Editors: Messoud Ashina and Paolo Martelletti
Migraine pathophysiology is complex and many unanswered questions remain regarding the pathogenesis of migraine. Debates on complex scientific questions are important because they stimulate critical thinking and future directions. In a series of Oxford Union-style debates (for or against the motion), three topics were discussed at the 1st International Conference on Advances in Migraine Sciences (ICAMS 2022) held in Copenhagen, Denmark.
The Premonitory Phase of Migraine is due to Hypothalamic Dysfunction: Some people with migraine report non-headache symptoms before the onset of pain, commonly referred to as the premonitory (or prodromal) phase of migraine. It remains unclear whether any specific symptoms or biological processes are characteristic of this phase.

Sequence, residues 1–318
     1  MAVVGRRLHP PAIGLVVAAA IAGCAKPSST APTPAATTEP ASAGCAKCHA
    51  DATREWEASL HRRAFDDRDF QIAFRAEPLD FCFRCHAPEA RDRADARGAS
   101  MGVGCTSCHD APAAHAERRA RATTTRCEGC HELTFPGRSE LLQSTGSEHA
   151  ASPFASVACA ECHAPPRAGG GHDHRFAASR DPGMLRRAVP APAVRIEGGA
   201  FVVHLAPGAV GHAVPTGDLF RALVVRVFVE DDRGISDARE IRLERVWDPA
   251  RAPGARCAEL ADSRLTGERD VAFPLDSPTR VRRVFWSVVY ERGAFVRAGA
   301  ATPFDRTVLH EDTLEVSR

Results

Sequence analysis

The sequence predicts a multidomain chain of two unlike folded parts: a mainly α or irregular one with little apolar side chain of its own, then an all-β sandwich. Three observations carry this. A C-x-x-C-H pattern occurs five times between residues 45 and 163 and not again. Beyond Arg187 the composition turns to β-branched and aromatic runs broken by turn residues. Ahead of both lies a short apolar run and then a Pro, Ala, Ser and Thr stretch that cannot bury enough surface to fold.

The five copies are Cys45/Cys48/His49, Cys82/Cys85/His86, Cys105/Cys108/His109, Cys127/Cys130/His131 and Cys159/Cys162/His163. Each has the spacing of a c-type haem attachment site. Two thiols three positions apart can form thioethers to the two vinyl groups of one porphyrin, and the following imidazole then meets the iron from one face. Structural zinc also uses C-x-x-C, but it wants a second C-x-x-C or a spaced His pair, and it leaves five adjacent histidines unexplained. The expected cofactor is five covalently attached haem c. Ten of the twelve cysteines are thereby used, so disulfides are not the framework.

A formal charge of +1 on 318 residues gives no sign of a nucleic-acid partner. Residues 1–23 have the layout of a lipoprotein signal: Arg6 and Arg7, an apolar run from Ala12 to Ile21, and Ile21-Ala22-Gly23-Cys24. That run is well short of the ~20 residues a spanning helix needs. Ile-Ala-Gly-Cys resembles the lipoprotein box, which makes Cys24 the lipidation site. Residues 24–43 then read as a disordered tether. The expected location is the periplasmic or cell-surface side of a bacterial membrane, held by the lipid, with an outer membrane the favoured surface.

Migraine Attacks are of Peripheral Origin: The mechanisms that initiate a migraine attack are unknown. Some evidence favors a peripheral origin, whereas other data suggest the origin is within the central nervous system.
Migraine and Cluster Headache Are Two Distinct Disorders: The distinction between migraine and other primary headache disorders is substantiated in the diagnostic criteria, but some evidence suggest overlapping pathophysiological mechanisms.
In this Series, we present key data for or against these motions, summarise lessons learned and provide future direction. For each individual review article, there is a video recording of the debate itself and a visual abstract.